14ymedio, Luz Escobar, Havana, 8 September 2017 – The return to class, for thousands of children and young people, means a return to the discipline of school after two months of vacation. This September, school directors have focused their crusade against fingernails and hair painted bright colors, and students are forced to get haircuts or remove the enamel to conform to the regulations.
In July and August, far from the classrooms, many teenagers chose the strident tones of summer fashion. Red, green, blue and purple have been a trend in hair and phosphorescent colors are favored for fingernails, a rainbow that the schools are not willing to accept.
“I do not want to see anyone here with phosphorescent nails or hair dyed in colors,” warned a fifth-grade teacher on Monday, at the entrance of her classroom in a school in the Plaza de Revolución municipality. The scene has been repeated in schools all over the island, which stick to regulations to limit the creativity of students.
Julio Mojena, the father of twins residing in the Havana neighborhood of Cerro, considers the restrictions arbitrary since there is no written rule that specifically states them. His sons dyed their hair in August and now, he laments, “they can’t go to class until they get haircuts… In my time it was the length of the hair and the earrings, now it’s the color. What will it be tomorrow?” he asks.
“Each school can make adjustments to school regulations” depending “on the characteristics of their community,” a Ministry of Education official, who prefers to remain anonymous, told 14ymedio by phone.
Although there is no specific regulation on hair color, nails or any other detail, the official maintains that “in the schools uniformity is demanded” in the physical aspect of the student body and that this detail is supported by the general regulations.
The official acknowledges that there was a time when the length of males’ hair was strictly regulated, but that now they may “wear their mane to the collar.” Formerly males’ hair could be no more than just over an inch long.
In the eighties the crusade against hair length and the maintenance of aesthetic uniformity among students even jumped to the pages of the official newspapers. However, the José Martí Pioneer Organization (for elementary schools) and the Federation of Middle School Students did not mediate in favor of those they represent and the students did not win that symbolic battle for differentiation.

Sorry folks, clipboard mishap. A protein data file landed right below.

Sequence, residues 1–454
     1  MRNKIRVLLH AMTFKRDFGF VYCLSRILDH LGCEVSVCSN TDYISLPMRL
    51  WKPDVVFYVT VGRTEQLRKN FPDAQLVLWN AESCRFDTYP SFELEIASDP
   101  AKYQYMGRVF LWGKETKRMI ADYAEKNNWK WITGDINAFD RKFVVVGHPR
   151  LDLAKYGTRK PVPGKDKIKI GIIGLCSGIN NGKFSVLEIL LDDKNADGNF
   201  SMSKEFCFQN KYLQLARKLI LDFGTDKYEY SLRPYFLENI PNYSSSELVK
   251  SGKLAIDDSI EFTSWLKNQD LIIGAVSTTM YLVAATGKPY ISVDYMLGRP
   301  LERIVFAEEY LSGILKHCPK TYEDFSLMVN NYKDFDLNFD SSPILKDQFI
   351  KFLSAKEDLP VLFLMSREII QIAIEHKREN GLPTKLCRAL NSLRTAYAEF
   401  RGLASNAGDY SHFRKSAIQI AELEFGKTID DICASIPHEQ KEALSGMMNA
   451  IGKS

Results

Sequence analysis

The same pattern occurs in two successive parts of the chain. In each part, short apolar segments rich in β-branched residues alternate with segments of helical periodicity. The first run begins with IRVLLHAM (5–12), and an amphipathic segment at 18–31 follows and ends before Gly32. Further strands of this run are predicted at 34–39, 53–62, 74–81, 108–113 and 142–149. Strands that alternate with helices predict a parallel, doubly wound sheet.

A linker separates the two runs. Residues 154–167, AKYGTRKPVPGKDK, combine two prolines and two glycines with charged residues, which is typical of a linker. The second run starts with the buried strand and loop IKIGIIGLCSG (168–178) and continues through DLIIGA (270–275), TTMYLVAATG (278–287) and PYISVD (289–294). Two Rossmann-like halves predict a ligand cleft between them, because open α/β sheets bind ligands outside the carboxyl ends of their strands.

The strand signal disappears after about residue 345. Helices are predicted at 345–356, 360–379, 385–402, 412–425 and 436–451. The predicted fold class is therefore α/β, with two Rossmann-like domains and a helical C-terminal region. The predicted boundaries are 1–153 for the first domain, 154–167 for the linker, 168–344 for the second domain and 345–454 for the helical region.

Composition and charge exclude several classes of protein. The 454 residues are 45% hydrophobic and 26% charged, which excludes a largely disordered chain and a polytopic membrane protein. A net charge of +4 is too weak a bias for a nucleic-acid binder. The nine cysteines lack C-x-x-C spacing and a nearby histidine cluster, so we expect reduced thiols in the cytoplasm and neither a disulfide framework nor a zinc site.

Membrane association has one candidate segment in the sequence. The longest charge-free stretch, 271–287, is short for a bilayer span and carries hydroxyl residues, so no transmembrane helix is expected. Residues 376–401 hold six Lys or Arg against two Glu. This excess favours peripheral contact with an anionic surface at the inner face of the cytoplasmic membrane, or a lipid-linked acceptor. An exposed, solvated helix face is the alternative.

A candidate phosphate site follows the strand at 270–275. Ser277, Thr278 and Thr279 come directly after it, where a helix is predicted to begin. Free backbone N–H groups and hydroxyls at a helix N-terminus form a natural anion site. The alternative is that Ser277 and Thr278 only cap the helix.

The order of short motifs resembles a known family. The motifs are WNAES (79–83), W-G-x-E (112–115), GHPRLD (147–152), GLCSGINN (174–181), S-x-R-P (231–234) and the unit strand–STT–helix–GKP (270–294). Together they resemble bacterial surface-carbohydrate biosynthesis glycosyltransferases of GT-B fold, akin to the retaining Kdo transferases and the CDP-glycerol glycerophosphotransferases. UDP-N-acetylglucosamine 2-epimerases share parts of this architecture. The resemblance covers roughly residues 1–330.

Nevertheless, controls have softened over the years, especially since the economic crisis forced families to substitute parts of the school uniform for home-made ones or to buy their children’s school shoes in the hard currency markets as a result of a breakdown in the supply of manufactured products in the ration market.
Now it is common to see students in the regulated garments modified with pleats, raised hems or adjusted sleeves.
Nor do girls and young women escape the restrictions. “In this classroom you come to study and those nails decorated with figures or painted with phosphorescent colors distract the attention of other students,” a Spanish teacher tells his students at Baragua Protest Junior High School in Central Havana.
So far this year, at least ten girls from the school say they have had problems with the manicure they were wearing when the school year began. In contrast, the pressure for them is less in terms of hair; if they dye their hair blond or red it is ignored, although other tones, such as violet, blue or green may not be.
“Reality evolves faster than school regulations,” explains Zulema Vázquez, a sociologist with two school age children. “The teaching authorities have a mentality from the last century and are not prepared to deal with the new situations that are taking place,” she says.
The specialist considers that any attempt at uniformity in terms of physical appearance eventually causes children and adolescents to find more sophisticated ways to differentiate themselves. “It can be the length of the skirt, a piercing, adjustments made to a blouse, the color or the length of the hair, but in one way or another, they will find a way to break the monotony,” argues Vázquez.
María Molina, mother of a teenager in Cienfuegos, told 14ymedio that her 14-year-old son was unable to start the school year at José Gregorio Technological Institute where he is training to be a “teacher of agriculture,” because his teacher and the school’s principal did not allow him to attend with his dyed hair.
According to Molina, the teacher and the director warned that “if you don’t cut your hair or dye it black” he would not be admitted. The mother tried to negotiate an intermediate solution and proposed that the young man cut his hair a little every week until the dyed part disappears, but her alternative was not accepted.
“As a mother I feel frustrated, I called the provincial and municipal education department and everyone repeats that we have to respect the school regulations,” she concludes with irritation.